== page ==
Roger said on January 14, 2004 10:15 PM

My site doesn’t get quite the amount of traffic that you have here, but the statistics are similar. Of those visiting my site, almost 20 % are on a Mac. I was thinking about this the other day, and I think you’re right in assuming that many web standards people are Mac users.

Zelnox said on January 15, 2004 12:06 AM

Like Scrivs, I’m curious also. Andy, you mind sharing with your fans what service to track all these statistics, please? _

qid said on January 15, 2004 1:40 AM

You were asking for a yardstick, so here goes… Your blog index page got 17933 requests in December, mine got 344. I have exactly two readers (my dad and one of my friends online), so using a simple ratio you have perhaps 100 consistent readers. Interestingly enough, when I compare my total hits in December (13380) to your total hits (680200), the ratio is nearly identical (2.5% difference). I have no idea what that means, but it’s probably something interesting.

Scrivs said on January 15, 2004 1:52 AM

Well if Andy is using AWStats I guess I will share my stats, otherwise it would be pointless comparing Apples to Oranges.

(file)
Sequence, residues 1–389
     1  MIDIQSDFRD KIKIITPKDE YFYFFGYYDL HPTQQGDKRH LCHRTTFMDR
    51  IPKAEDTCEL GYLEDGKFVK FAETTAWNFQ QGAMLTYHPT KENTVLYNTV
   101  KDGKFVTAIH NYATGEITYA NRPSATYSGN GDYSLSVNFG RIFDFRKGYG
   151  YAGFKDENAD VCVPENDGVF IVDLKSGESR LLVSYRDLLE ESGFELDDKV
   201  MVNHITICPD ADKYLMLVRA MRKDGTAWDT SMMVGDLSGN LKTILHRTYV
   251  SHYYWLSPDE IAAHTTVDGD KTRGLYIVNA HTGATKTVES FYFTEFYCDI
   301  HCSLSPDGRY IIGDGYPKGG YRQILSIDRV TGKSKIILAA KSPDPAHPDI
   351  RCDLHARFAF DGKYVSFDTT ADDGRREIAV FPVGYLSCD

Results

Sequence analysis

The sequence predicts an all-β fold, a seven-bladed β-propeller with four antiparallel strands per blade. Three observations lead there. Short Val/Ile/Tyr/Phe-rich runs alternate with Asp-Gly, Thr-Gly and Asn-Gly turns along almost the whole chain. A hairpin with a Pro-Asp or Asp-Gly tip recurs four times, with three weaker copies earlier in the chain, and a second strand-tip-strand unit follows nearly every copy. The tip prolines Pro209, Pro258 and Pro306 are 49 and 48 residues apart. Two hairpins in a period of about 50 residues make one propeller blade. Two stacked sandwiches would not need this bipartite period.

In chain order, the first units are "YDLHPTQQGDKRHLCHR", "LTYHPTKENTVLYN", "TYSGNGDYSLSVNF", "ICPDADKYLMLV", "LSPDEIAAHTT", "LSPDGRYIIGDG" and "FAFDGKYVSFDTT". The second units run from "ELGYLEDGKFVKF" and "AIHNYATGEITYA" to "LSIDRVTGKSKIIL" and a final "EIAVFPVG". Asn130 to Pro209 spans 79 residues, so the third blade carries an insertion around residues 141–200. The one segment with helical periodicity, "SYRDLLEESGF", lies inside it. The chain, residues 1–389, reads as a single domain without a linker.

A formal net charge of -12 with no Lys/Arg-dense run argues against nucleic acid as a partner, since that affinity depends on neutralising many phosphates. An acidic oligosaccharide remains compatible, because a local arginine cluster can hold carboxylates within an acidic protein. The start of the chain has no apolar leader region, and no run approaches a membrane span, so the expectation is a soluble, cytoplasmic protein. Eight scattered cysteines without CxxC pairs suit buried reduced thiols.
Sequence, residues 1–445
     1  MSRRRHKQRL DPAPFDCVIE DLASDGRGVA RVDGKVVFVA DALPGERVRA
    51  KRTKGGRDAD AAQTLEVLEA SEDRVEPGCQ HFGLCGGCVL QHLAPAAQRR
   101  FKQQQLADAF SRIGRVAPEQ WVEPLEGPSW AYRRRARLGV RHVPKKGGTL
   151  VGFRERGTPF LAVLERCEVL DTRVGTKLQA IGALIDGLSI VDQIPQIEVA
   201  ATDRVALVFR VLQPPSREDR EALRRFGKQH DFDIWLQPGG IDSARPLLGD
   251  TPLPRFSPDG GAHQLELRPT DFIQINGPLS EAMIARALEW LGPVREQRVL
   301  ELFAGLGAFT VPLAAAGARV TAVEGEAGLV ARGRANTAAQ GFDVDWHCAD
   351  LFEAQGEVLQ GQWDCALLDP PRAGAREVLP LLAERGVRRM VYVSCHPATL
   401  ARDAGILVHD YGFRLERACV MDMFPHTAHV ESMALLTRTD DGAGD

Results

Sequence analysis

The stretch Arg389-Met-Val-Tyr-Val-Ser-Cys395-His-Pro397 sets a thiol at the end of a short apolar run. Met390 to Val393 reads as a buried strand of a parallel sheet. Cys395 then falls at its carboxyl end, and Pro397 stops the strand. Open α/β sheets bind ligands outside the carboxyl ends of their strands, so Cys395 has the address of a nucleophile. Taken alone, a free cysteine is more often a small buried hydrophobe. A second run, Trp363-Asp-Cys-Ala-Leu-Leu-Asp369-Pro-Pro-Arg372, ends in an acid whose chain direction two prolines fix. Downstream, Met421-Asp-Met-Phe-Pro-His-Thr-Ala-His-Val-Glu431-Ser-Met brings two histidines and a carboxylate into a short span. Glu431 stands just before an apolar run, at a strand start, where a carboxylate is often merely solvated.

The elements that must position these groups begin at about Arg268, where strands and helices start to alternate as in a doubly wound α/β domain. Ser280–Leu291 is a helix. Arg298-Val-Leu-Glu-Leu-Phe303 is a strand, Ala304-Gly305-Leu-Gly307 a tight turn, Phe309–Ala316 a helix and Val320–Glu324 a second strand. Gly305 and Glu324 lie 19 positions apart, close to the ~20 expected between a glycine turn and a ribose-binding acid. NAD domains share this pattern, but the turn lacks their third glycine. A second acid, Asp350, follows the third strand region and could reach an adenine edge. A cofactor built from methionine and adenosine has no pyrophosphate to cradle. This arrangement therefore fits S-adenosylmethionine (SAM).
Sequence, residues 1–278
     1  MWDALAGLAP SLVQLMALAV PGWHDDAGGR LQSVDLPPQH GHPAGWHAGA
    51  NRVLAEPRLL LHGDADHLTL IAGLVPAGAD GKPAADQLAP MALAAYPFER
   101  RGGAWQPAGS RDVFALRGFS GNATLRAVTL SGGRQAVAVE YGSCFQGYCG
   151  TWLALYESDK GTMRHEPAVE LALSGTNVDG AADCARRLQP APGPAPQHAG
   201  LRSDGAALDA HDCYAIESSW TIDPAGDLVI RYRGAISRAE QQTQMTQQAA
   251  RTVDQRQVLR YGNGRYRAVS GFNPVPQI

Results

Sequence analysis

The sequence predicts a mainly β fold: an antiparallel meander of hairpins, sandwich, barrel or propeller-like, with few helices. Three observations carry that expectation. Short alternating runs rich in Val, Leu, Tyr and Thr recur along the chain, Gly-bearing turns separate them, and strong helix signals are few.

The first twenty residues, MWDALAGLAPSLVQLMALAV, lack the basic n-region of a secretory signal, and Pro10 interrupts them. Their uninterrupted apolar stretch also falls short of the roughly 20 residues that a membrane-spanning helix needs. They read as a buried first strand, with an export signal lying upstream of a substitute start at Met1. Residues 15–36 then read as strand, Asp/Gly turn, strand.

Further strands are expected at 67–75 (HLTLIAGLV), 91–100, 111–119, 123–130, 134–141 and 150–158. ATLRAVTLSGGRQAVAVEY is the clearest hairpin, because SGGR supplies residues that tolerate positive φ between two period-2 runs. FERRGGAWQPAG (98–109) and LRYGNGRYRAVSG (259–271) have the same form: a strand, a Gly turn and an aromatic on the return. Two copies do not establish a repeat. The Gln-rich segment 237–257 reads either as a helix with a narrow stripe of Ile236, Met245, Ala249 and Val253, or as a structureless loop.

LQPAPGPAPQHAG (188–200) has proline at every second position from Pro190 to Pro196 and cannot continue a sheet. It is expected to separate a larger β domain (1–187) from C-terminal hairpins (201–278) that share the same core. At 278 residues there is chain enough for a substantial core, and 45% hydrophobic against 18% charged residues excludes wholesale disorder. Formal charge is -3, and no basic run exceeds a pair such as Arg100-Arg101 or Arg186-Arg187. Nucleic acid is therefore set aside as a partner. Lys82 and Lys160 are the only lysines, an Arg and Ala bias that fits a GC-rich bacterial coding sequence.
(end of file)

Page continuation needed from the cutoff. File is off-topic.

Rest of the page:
Shaun Inman said on January 15, 2004 2:36 AM

I think the Mac/Standards correlation has to do with the shared dispositions of Mac enthusiasts, an appreciation of the finer details. It’s reflected in Apple hardware, the Mac OS and Apple peripherals. It’s also reflected in light structural source and whiz-bang CSS. Sure, you can use any old WYSIWYG to churn out a bunch of web pages that will look fine in IE/NS 4.x but there’s still an art in producing code that looks good and validates. And that’s what Mac users typically are, artists.

Not that you can’t be an artist if you use a generic PC but the Mac platform clearly has a higher percentage of creative professionals—aided in part by it’s low market share.

Quasi said on January 15, 2004 3:03 AM

John Gruber of tends to post his stats too in case you were wondering.

Dris said on January 15, 2004 3:28 AM

I have mentioned my stats from time to time in my blog, but not often. I simply open them to the public (a practice I probably won’t continue for long, for several reasons).

The main reason I like stats, besides gauging the growth of regular readers, is that I get to see where people are coming in from. It’s difficult to gain regular readers (outside those whom you know personally) when the web is so full of good content. Seeing where people come from helps tell me a lot about my visitors, including their interests and what they’re looking for.

Most of my users come from the CSS Zen Garden, and from comments I post in other peoples’ blogs. That by itself can be a treasure trove of information if interpreted right.

Joel said on January 15, 2004 4:34 AM